The FHWA has determined that this final rule is not a significant regulatory action within the meaning of Executive Order 12866 and is not significant within the meaning of U.S. Department of Transportation regulatory policies and procedures. The economic impact of this rulemaking will be minimal. The final rule would not adversely affect, in a material way, any sector of the economy. In addition, the final rule would not interfere with any action taken or planned by another agency and would not materially alter the budgetary impact of any entitlements, grants, user fees, or loan programs. Consequently, a full regulatory evaluation is not required.

Regulatory Flexibility Act

In compliance with the Regulatory Flexibility Act (Pub. L. 96-354, 5 U.S.C. 601-612) the FHWA has evaluated the effects of this action on small entities and has determined that the action would not have a significant economic impact on a substantial number of small Start Printed Page 28161entities. This action does not affect any funding distributed under any of the programs administered by the FHWA. For these reasons, the FHWA certifies that this action would not have a significant economic impact on a substantial number of small entities.

Unfunded Mandates Reform Act of 1995

This final rule would not impose unfunded mandates as defined by the Unfunded Mandates Reform Act of 1995 (Pub. L. 104-4, 109 Stat. 48). This rule would not result in the expenditure by State, local, and tribal governments, in the aggregate, or by the private sector, of $128.1 million or more in any one year (2 U.S.C. 1532).

Executive Order 13132 (Federalism Assessment)

This action has been analyzed in accordance with the principles and criteria contained in Executive Order 13132, and the FHWA has determined that this action would not have sufficient federalism implications to warrant the preparation of a federalism assessment. The FHWA has also determined that this action would not preempt any State law or State regulation or affect the States' ability to discharge traditional State governmental functions.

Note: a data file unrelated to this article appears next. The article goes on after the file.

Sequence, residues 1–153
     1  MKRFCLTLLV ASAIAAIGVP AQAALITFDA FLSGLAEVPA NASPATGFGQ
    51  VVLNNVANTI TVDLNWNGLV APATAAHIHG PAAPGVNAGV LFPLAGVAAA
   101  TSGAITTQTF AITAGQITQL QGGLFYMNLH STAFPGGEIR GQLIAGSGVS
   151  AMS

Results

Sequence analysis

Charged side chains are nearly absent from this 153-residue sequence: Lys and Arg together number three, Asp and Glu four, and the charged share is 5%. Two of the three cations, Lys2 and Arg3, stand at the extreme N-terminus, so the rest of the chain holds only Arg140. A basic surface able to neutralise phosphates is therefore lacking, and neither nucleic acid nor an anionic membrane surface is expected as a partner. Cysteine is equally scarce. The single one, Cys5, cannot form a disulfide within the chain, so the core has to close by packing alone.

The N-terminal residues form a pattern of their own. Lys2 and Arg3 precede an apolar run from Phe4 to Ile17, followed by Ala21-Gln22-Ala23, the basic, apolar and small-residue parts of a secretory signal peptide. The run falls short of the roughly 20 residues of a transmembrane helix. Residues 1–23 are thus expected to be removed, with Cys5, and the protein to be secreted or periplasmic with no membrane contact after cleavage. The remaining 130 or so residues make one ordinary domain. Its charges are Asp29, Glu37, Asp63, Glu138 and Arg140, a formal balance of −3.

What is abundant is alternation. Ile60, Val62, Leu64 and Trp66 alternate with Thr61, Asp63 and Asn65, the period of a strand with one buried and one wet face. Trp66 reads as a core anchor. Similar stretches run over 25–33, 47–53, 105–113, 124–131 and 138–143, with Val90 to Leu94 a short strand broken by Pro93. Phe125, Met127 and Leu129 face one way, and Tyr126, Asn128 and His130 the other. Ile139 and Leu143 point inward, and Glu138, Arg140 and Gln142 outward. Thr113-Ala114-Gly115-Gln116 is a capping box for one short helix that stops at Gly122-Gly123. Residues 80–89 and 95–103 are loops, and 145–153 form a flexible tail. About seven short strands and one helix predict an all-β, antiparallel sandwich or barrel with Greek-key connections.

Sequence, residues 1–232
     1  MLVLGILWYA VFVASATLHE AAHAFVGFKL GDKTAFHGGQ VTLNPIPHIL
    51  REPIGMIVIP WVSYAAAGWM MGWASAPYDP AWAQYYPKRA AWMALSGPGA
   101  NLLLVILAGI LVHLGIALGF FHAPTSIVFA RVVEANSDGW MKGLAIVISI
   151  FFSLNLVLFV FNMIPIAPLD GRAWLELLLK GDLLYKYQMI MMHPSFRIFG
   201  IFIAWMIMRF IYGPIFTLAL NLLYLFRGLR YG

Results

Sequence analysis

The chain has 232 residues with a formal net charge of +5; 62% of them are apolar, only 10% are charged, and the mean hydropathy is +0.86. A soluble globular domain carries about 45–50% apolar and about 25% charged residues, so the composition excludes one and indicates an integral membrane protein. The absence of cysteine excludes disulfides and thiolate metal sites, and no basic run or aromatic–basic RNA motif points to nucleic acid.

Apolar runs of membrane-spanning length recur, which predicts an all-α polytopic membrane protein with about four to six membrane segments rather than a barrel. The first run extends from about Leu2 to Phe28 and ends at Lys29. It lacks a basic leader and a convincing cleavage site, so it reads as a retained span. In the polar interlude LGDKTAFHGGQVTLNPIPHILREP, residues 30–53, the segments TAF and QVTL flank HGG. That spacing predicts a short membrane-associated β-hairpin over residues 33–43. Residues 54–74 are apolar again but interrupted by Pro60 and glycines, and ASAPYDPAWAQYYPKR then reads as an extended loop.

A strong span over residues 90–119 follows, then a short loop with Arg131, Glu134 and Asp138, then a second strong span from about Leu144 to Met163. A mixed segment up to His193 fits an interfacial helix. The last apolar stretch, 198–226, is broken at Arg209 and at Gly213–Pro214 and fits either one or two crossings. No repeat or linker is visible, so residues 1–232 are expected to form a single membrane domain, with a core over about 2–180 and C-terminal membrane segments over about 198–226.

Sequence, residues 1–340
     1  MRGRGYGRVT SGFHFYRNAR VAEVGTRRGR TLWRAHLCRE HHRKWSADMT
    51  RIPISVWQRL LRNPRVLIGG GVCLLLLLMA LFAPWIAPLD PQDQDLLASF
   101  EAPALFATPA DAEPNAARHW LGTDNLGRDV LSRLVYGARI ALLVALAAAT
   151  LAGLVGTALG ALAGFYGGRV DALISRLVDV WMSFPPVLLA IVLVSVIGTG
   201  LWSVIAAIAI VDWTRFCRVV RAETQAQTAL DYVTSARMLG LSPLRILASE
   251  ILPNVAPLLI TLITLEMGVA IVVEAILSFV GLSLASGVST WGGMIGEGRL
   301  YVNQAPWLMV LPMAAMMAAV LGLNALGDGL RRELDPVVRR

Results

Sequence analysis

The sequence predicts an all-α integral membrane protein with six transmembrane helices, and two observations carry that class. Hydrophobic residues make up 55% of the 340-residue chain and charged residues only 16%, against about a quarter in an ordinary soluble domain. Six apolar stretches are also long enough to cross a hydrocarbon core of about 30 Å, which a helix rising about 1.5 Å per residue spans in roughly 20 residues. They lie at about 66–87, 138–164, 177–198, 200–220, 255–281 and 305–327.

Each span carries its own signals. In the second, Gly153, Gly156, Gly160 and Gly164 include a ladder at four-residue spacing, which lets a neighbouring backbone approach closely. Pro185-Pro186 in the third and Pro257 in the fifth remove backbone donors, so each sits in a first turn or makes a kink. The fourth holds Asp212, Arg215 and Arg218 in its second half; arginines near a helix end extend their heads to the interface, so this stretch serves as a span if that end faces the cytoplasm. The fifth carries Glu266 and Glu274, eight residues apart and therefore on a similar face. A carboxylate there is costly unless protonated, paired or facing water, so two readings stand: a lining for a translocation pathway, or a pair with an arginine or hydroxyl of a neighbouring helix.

Executive Order 13211 (Energy Effects)

We have analyzed this action under Executive Order 13211, Actions Concerning Regulations That Significantly Affect Energy Supply, Distribution, or Use, dated May 18, 2001. We have determined that it is not a significant energy action under that order since it is not likely to have a significant adverse effect on the supply, distribution, or use of energy. Therefore, a Statement of Energy Effects is not required.

Executive Order 12372 (Intergovernmental Review)

Catalog of Federal Domestic Assistance Program Number 20.205, Highway Planning and Construction. The regulations implementing Executive Order 12372 regarding intergovernmental consultation on Federal programs and activities apply to this program.

Paperwork Reduction Act

Under the Paperwork Reduction Act of 1995 (PRA) (44 U.S.C. 3501), Federal agencies must obtain approval from the Office of Management and Budget for each collection of information they conduct, sponsor, or require through regulations. The FHWA has determined that this rule does not contain collection of information requirements for the purposes of the PRA.

Executive Order 12988 (Civil Justice Reform)

This action meets applicable standards in sections 3(a) and 3(b)(2) of Executive Order 12988, Civil Justice Reform, to minimize litigation, eliminate ambiguity, and reduce burden.

Executive Order 13045 (Protection of Children)

The FHWA has analyzed this rule under Executive Order 13045, Protection of Children from Environmental Health Risks and Safety Risks. The FHWA certifies that this action would not cause any environmental risk to health or safety that might disproportionately affect children.

Executive Order 12630 (Taking of Private Property)

The FHWA has analyzed this rule under Executive Order 12630, Governmental Actions and Interface with Constitutionally Protected Property Rights. The FHWA does not anticipate that this action would affect a taking of private property or otherwise have taking implications under Executive Order 12630.

National Environmental Policy Act

The agency has analyzed this action for the purpose of the National Environmental Policy Act of 1969 (42 U.S.C. 4321-4347) and has determined that this action would not have any effect on the quality of the environment.

Regulation Identification Number

A regulation identification number (RIN) is assigned to each regulatory action listed in the Unified Agenda of Federal Regulations. The Regulatory Information Service Center publishes the Unified Agenda in April and October of each year. The RIN contained in the heading of this document can be used to cross reference this action with the Unified Agenda.

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List of Subjects in 23 CFR Part 634

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In consideration of the foregoing, and under the authority of

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Issued on: May 14, 2009.

Jeffrey F. Paniati,

Acting Deputy Federal Highway Administrator.

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[FR Doc. E9-13988 Filed 6-12-09; 8:45 am]